5 Questions With: The Founder of Project: Rock for Autism
Steve Toth is a New Port Richey resident and USF student who organizes local bands to raise money for a local resource for people with autism.
As a Gulf High School student, Steve Toth combined his love of music and a group member's love for his younger brother with autism to create "Project: Rock for Autism,"a series of benefit concerts that, since 2008, has raised more than $10,000.
Toth, a New Port Richey resident and freshman and civil engineering major at the University of South Florida, has kept Project: Rock for Autism alive, despite having fulfilled International Baccalaureate requirements for volunteer work in high school.
The money goes to the Center for Autism and Related Disabilities at USF (CARD) to be distributed to families. Toth is planning a concert for this fall, though the date is to be announced. Bands are typically local bands from around the Tampa Bay, including his own, Worst Case Scenario.
Last month, Toth won the WEDU Be More Entrepreneurial ‘Rising Star’ award, presented by West Central Florida's leading PBS station, WEDU. The award is given to an individual younger than 30 who has distinguished her or himself by using entrepreneurial skills to build a successful nonprofit project.
Patch: What is Project: Rock for Autism and how did it get started?
Toth: PRFA is a series of benefit concerts that have collectively raised about $10000 for the USF Center for Autism and Related Disabilities.
Patch: Where does the money you raise go and how does it benefit people?
Toth: The proceeds have funded programs that help local families in the Florida Gulf Coast with kids of all range in the autism spectrum.
Patch: Why did you decide to continue this fundraiser beyond your IB requirements?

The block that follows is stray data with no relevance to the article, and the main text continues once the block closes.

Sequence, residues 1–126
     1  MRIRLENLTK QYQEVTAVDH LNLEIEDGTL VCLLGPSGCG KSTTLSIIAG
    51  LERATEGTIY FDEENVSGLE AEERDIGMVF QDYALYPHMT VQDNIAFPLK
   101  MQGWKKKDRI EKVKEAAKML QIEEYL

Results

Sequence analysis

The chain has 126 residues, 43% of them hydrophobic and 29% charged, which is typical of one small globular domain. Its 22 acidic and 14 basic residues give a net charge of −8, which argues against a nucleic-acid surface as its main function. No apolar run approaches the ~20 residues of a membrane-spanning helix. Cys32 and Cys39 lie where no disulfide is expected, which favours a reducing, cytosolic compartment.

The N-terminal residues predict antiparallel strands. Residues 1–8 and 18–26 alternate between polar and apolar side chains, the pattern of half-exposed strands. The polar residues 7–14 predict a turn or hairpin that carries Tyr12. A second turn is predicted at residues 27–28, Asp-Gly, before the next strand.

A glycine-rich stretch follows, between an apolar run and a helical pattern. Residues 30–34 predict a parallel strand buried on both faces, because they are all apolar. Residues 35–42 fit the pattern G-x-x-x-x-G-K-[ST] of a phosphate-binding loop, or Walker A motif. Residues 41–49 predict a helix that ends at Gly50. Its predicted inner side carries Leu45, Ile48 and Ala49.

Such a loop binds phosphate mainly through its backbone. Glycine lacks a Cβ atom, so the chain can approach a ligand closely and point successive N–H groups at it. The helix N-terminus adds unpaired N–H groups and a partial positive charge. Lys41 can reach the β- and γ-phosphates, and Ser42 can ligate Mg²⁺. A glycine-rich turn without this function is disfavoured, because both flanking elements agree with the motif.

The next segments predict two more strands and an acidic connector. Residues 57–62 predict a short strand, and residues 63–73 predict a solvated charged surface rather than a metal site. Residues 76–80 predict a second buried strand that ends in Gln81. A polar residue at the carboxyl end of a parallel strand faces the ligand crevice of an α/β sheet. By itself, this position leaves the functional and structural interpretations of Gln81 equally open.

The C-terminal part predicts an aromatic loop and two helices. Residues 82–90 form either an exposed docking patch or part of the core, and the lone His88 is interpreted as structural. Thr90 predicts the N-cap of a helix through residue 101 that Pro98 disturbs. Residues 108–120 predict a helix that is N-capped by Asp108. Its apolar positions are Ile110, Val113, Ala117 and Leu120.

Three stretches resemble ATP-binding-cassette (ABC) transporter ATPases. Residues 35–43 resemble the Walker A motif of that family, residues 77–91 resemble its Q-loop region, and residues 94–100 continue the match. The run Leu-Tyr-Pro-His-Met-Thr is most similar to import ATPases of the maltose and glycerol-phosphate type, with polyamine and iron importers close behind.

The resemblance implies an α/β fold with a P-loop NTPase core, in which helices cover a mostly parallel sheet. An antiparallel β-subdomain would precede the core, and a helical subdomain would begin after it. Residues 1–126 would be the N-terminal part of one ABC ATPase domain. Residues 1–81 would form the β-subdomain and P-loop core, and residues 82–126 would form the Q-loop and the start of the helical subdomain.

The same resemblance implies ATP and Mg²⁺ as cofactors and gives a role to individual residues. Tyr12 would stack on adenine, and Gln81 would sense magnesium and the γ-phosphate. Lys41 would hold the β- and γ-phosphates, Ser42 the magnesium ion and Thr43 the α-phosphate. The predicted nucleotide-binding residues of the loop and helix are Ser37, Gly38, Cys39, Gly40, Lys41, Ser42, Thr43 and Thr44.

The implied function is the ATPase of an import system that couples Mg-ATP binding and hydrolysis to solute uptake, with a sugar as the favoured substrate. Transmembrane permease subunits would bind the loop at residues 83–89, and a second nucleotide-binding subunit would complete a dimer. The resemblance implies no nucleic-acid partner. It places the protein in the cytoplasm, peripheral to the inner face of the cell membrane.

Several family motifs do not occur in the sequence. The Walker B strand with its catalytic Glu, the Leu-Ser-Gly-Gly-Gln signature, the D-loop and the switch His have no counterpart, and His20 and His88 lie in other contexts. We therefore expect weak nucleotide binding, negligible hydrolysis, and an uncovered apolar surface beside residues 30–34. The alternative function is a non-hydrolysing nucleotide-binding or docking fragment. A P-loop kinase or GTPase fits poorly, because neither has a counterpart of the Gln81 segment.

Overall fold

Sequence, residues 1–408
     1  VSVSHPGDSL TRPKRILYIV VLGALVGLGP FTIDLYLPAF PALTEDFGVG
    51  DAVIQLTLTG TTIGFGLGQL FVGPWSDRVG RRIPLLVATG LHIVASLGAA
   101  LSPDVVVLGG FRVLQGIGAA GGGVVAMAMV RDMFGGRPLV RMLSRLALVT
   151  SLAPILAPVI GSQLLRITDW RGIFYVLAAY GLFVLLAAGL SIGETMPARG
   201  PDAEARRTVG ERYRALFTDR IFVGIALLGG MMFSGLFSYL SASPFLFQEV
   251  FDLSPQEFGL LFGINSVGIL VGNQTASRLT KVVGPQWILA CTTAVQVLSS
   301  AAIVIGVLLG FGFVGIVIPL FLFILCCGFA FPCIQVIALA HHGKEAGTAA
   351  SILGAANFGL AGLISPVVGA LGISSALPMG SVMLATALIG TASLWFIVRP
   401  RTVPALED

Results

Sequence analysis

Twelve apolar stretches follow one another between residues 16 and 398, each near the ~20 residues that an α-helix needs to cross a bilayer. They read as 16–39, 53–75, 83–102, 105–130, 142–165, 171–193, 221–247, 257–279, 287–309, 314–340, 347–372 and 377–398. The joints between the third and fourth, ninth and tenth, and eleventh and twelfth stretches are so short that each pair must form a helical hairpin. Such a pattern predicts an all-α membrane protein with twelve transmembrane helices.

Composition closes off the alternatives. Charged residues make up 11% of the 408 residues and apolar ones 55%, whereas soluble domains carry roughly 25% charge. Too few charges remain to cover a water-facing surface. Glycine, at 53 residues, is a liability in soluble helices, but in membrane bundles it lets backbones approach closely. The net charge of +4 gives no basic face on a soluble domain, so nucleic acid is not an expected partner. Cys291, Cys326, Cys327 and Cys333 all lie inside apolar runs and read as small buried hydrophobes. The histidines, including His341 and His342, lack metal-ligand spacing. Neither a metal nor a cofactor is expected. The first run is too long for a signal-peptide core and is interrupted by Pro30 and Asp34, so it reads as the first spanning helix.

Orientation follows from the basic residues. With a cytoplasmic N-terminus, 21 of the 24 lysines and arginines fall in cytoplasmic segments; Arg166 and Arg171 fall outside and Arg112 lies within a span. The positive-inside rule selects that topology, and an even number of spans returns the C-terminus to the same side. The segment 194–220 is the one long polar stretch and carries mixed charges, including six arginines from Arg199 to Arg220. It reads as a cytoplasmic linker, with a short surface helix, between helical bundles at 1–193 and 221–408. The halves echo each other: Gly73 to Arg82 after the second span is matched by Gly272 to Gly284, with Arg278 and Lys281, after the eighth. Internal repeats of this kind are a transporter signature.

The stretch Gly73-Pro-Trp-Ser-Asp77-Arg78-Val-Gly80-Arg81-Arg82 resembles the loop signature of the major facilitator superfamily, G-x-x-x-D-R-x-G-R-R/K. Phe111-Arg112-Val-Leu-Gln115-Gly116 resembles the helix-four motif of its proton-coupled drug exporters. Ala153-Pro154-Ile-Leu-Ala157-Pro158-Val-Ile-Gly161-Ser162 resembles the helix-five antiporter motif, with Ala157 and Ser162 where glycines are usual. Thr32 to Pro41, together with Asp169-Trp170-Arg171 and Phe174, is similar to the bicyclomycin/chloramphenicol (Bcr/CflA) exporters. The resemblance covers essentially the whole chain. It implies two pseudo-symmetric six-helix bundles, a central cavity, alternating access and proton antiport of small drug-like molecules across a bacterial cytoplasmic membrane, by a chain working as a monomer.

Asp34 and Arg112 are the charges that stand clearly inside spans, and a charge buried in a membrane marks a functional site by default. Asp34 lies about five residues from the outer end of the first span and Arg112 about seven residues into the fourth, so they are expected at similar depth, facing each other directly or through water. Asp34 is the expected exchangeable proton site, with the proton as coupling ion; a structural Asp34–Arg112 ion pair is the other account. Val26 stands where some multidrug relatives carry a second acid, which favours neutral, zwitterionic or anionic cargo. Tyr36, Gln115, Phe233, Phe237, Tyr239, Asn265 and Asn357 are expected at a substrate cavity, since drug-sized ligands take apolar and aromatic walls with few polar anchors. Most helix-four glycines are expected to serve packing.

Toth: It got started as a community service project for my high school IB program, and it started to gain attention from the media and become a major success, so I felt the need to continue the project, and another show is currently being discussed for this year. We hope to get even bigger bands this year to draw large crowds and help the event gain more popularity. "
Patch: How do you feel about receiving the WEDU Be More Entrepreneurial ‘Rising Star’ award last month?
Toth: I was nominated for the Be More award by CARD, and made it through as one of the five finalists, but didn't really expect to win. It was great to showcase my work in front of many important TV and radio personalities as well as higher ups from local businesses and corporations that could potentially sponsor the event or help spread word.
Patch: How can people get involved with your benefit concerts?
Toth: People can get involved by telling anyone they know about the event, or to follow our page on Facebook for updates as soon as they happen. We're also looking for sponsors that would give monetary grants or donations in return for acknowledgement in the media outlets and at shows. We'll be looking for volunteers for running different aspects of the show on the day of, but nothing will be known about open positions until a date much closer to the show.